Early literacy is defined as the pre-reading skills children acquire from ages 0-5, which help them prepare for and succeed in school.
Children are born with 100 billion brain cells, the same number as adults, and 85% of those cells are developed before kindergarten. Brain researchers liken brain development to building a house, and the first three years are vital to building a strong foundation and framework. The bonds a child forms in his early years are crucial to future learning and success. Parents are children’s first teachers, so at the Library we work to educate parents on the importance of shared reading and learning experiences. The Library’s programs and collections emphasize the five early literacy practices, as outlined in the American Library Association’s “Every Child Ready to Read” program: Sing, Talk, Read, Write and Play.
Singing (which includes nursery rhymes) increases children’s awareness of and sensitivity to the sounds of words. It doesn’t matter if you are a “good singer” – children will respond to your voice before all others. Have fun with silly songs and bounces, or soothe children with lullabies and gentle swings. The Library has a great collection of children’s music CDs and nursery rhyme books.
Talking with children helps them build their vocabulary and learn oral language. Self-expression and narrative skills are crucial to communication and developing interpersonal relationships. Talk to your child about your day together, ask them questions, and narrate your activities (e.g.: “Now we are putting on our shoes, so we can go and play at the park”). The Library is a great place for your child to interact with others his or her own age!
Reading together, or shared reading, remains the single most effective way to help children become proficient readers. Expose children to a variety of books and authors – your library card allows you to borrow up to 100 items for 3 weeks at a time, so borrow away! Our board book collection is intended for our youngest readers – the thick cardboard, laminated pages stand up to exploring hands (and teeth!). Let your child practice turning the pages, point out pictures together…let your child have fun with books. It’s also great to be a reader role model – if your child sees you enjoying books and newspapers, they will learn that reading is an enjoyable pastime.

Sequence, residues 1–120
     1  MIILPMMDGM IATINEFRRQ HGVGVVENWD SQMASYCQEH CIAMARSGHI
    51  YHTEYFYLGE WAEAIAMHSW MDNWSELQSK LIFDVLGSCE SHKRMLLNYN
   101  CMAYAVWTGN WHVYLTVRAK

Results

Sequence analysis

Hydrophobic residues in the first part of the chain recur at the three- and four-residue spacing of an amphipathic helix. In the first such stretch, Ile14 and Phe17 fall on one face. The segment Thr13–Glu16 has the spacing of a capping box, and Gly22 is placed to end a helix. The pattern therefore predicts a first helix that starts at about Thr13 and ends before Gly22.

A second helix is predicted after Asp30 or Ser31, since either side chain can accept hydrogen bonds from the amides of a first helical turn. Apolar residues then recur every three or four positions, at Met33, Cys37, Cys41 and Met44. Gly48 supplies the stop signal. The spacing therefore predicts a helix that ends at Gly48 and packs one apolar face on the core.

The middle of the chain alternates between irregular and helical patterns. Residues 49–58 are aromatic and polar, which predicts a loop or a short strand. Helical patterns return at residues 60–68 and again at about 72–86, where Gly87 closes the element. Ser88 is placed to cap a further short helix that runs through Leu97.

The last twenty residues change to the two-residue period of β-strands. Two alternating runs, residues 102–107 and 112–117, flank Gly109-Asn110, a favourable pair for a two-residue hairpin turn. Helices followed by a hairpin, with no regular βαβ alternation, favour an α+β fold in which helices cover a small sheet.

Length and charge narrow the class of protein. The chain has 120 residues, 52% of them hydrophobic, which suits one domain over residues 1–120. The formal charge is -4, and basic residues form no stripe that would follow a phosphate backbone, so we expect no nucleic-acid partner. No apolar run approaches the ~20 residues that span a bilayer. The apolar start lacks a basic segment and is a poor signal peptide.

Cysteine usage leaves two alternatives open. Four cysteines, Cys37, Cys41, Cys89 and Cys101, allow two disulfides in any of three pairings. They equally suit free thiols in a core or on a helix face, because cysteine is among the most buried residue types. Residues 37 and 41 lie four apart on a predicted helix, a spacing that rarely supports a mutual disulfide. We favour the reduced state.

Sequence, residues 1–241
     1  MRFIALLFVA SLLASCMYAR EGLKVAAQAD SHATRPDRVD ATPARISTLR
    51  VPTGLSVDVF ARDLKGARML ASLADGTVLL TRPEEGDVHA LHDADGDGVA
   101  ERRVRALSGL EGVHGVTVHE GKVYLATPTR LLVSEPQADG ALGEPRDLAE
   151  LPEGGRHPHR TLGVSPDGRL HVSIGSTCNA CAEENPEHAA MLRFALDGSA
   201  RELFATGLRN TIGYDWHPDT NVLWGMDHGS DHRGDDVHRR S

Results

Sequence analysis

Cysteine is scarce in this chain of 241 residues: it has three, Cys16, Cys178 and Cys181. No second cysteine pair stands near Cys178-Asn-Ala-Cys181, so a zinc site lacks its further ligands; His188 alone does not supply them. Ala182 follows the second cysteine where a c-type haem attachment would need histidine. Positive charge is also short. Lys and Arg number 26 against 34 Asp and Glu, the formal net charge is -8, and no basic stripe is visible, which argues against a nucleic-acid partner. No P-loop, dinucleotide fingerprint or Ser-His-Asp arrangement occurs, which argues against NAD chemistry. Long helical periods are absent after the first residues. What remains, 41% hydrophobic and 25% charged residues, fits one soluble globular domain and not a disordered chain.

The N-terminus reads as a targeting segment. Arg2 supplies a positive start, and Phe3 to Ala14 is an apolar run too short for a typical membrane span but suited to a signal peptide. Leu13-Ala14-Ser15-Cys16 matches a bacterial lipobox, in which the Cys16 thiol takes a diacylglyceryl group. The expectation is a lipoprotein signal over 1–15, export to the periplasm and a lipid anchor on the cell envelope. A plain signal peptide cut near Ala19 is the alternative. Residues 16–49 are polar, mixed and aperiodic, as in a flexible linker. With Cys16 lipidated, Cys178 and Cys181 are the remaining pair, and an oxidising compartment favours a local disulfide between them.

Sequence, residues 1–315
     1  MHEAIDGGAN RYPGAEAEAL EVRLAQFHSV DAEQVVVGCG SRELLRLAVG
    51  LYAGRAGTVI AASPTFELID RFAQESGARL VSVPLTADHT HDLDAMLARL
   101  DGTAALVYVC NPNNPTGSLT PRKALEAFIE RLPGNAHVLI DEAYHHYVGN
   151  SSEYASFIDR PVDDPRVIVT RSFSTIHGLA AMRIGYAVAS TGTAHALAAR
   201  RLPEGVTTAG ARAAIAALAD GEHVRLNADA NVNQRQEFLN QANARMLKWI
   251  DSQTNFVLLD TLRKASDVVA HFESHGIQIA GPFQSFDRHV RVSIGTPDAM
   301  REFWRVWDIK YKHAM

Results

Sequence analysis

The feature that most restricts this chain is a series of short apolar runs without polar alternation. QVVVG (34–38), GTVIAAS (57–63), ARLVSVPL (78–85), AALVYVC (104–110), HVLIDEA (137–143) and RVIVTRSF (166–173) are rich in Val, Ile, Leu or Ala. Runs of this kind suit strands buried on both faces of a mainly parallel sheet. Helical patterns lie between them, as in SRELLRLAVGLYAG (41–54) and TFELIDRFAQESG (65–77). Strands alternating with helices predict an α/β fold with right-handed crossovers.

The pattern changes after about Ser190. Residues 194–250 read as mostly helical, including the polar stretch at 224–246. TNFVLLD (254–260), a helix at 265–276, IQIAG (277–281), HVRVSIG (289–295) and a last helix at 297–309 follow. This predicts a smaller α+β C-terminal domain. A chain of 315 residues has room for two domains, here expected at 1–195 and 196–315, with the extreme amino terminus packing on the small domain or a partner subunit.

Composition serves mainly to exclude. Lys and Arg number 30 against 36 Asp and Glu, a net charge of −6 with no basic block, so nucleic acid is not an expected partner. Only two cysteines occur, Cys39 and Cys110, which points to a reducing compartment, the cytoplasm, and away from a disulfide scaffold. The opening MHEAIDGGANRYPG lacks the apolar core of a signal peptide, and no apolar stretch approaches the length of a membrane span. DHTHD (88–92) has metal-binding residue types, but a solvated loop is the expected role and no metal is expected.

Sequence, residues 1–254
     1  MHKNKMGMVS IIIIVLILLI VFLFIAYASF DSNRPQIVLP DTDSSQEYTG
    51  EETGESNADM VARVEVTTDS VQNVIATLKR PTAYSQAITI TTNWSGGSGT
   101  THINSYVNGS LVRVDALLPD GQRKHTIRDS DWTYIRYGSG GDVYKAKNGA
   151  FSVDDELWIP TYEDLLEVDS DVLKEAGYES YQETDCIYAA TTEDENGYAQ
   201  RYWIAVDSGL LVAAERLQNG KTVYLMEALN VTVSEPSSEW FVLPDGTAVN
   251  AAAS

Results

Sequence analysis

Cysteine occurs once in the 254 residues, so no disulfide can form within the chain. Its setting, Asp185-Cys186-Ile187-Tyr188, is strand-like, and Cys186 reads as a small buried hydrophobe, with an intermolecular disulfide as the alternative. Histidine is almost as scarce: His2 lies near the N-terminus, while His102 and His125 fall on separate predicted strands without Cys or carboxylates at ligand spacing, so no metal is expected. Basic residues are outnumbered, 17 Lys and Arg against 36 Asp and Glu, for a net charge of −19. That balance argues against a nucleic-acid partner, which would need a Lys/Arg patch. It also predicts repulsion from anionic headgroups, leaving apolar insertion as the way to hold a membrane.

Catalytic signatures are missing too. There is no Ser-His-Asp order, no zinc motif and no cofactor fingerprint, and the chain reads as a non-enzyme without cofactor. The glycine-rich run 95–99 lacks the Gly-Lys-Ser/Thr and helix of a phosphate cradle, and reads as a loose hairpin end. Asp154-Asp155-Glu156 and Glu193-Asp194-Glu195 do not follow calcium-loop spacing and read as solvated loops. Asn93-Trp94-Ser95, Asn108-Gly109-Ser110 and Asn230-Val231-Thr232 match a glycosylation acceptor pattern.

Writing, scribbling and colouring all help children learn fine motor skills and learn that written words stand for spoken language. Pick up your weekly colouring sheet at the Library and help your child practice writing his or her name. Point to words when you read together. Use alphabet magnets to put together sounds and words on the fridge.
Playing helps children put thoughts into words and think symbolically, so they understand that spoken and written words represent real objects and experiences. Play develops their imagination, creativity and social skills. Children will often mimic real life situations (grocery store shopping or “playing library”), helping them make sense of their world.
Storytimes for babies through to preschoolers are held at branches across the region!
Details about these programs, and others, can be found on our website: http://www.orl.bc.ca.
Have fun visiting the Library and exploring these early literacy practices with your child.
Written by Elena Doebele, Head Librarian for Westbank Branch